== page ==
Macroeconomic Report & Economic Updates

April 28, 2016

Nigeria Economic Update (Issue 16)

Nigerias Bonny light price declined by 7.1 percent from $40.19 per barrel on March 24, 2016 to $37.32 per barrel on April 1, 20162. OPEC weekly basket price also decreased by 3 percent from $35.81 per barrel to $34.74 per barrel within the same period3. The remerged downward trend in crude oil price is traceable to concerns over the likely failure of the oil production freeze deal between Saudi Arabia and Iran4. The outcome of the oil production freeze meeting which is scheduled to hold on April 17, 2016, will give further direction for oil supply regulation.

Download Label
March 13, 2018 - 4:00 am
application/pdf
617.07 kB
v.1.7 (stable)

Related

 

Nigeria Economic Update (Issue 40)

Global crude prices settled lower in the review week (September 29 to October 6, 2017). Precisely, a barrel of Brent crude sold for about $56, showing a 6.3 percent decrease. Nigerias Bonny light exchanged at $56.76 per barrel as at October 6, 2017. The draw down in price may be attributable to indications of higher output, as revealed by the addition of more production rigs by the U.S, rise in Iraqs crude exports and survey showing OPECs overall boosted supply.

Africa Economic Update (Issue 4)

International Monetary Fund (IMF) revised down growth forecast for Sub-Saharan Africa by 0.2 percentage points, while retaining growth estimates for Nigeria and South Africa in 2017. Precisely, growth rate forecast for Africa was reduced from 2.8 percent in January 2017 forecast to 2.6 percent in April 2017 forecast while growth estimates were retained at 0.8 percent for both South Africa and Nigeria. In contrast, global economic growth outlook was increased by 0.4 percentage points from 3.1 percent to 3.5 percent within the same period. Growth in Sub-Saharan Africa is hampered by adverse cyclical and supply side factors, weak fiscal buffers and rising public debt amongst non-commodity exporters as well as severe drought was experienced in Eastern and Southern Africa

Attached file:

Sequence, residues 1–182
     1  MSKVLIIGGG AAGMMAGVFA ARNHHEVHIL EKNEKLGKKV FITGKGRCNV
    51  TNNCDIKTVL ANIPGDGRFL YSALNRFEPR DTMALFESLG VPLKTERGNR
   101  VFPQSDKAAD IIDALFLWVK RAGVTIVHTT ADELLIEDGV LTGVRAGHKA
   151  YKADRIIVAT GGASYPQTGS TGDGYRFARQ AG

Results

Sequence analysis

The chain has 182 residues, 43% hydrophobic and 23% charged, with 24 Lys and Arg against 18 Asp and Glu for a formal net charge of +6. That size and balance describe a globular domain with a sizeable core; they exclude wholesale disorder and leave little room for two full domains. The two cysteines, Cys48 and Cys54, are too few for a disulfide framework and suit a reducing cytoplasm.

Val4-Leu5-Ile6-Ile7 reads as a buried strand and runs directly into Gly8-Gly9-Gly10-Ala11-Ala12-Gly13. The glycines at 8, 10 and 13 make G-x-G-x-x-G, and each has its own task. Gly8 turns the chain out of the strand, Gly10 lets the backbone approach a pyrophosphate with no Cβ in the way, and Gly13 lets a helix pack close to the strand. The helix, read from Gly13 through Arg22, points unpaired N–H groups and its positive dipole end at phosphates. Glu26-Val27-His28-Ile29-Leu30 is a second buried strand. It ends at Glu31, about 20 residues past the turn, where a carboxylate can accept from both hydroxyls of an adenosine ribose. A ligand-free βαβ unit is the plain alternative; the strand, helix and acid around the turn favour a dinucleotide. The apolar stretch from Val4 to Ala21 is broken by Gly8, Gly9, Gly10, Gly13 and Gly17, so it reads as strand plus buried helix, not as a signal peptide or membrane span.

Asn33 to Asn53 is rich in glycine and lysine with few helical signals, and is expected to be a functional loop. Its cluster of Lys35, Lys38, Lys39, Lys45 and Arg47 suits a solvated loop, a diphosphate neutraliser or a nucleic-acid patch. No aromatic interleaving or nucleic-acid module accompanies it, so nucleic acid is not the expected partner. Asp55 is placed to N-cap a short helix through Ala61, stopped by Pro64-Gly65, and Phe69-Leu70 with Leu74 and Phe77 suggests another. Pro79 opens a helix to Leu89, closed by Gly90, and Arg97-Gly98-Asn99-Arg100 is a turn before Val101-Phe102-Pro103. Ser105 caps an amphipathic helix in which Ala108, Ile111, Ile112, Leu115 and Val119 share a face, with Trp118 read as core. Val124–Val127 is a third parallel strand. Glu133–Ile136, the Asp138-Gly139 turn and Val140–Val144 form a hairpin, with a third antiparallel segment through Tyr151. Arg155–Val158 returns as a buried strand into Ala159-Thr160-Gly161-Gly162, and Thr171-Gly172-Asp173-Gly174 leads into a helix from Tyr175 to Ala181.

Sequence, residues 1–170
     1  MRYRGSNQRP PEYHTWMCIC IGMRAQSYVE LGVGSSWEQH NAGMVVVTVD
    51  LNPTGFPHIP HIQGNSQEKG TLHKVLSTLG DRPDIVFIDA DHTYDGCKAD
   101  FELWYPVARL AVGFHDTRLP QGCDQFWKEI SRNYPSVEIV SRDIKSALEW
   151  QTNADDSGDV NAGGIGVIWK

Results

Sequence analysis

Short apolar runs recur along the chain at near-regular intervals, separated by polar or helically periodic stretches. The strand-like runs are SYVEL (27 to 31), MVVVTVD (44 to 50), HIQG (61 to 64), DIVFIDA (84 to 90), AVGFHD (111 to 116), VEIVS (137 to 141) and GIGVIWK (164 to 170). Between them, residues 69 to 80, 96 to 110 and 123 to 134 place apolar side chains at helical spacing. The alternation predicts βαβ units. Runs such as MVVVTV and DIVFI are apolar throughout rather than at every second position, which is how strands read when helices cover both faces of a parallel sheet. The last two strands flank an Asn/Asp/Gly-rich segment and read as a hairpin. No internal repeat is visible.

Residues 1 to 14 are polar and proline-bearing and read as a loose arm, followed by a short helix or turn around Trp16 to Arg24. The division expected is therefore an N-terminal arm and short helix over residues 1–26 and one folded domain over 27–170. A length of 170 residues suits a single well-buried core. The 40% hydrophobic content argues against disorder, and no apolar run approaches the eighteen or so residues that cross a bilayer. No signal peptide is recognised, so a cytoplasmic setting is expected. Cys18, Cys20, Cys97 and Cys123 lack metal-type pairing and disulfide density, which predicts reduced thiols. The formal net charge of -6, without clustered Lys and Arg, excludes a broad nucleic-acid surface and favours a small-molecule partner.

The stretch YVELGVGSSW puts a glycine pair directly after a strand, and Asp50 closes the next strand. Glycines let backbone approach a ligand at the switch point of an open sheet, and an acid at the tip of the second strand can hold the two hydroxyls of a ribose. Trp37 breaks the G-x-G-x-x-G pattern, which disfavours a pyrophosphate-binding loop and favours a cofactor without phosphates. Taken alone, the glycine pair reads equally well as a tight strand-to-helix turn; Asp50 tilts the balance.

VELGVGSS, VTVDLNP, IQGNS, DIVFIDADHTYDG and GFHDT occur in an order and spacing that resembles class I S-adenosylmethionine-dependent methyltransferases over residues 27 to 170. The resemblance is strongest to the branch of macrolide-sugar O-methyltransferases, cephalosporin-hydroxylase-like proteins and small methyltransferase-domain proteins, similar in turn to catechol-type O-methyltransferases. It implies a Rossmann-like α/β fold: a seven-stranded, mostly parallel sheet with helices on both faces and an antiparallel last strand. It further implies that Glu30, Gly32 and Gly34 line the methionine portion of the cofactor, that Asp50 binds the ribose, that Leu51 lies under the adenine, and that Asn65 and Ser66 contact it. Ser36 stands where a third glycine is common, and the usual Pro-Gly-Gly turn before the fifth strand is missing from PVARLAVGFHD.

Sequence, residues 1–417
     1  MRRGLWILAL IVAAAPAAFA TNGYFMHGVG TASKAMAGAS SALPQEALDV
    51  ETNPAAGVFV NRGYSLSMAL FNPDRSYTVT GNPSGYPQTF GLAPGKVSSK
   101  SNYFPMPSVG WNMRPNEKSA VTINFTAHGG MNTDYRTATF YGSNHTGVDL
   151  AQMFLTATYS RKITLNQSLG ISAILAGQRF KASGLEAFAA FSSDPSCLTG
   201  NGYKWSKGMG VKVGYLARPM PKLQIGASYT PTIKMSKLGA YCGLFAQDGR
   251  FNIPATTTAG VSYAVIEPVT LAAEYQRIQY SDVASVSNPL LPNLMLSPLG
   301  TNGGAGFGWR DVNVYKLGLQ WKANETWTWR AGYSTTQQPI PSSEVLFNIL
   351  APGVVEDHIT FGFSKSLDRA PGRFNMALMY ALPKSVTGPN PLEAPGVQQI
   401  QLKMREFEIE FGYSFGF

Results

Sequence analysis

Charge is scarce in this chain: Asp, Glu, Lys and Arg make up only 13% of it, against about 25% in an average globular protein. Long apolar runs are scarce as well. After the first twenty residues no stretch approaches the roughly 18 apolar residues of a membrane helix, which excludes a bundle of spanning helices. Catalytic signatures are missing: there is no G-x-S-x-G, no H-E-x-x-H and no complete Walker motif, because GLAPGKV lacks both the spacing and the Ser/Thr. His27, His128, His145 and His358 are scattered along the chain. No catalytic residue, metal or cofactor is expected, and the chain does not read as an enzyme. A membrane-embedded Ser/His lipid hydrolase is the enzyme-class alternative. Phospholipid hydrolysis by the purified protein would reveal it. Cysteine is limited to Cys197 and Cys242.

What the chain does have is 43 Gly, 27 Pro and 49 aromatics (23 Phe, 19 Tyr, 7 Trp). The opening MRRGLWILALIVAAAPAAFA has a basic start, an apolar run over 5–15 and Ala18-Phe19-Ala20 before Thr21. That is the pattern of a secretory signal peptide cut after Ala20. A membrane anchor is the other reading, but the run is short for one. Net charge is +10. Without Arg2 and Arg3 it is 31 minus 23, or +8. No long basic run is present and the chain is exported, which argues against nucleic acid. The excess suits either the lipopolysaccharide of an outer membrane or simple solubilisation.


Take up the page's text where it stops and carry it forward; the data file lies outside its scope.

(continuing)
Nigeria Economic Update (Issue 21)

Recent data from the National Bureau of Statistics (NBS) shows that the value of capital imported to Nigeria declined by 54.34 percent; from $1.56 billion 2015Q4to $710.97 million in 2016Q11. This is the lowest value since the data was first released in 2007. Huge declines in Portfolio Investment (71.54 percent) and other Investment (44.84 percent) were the major drivers of the trend within the period. A myriad of factors have contributed to the decline in investments. The plunge in crude oil prices, and the resultant negative signals on investors confidence, was a key factor. This was exacerbated by the FOREX restrictions and delays in the assentation of 2016 Appropriation Bill. While the slight increases in oil prices and the recent signing of the budget into law could improve the general economic prospects, monetary authorities need to proffer solutions to the negative effects of the current FOREX restrictions on investments.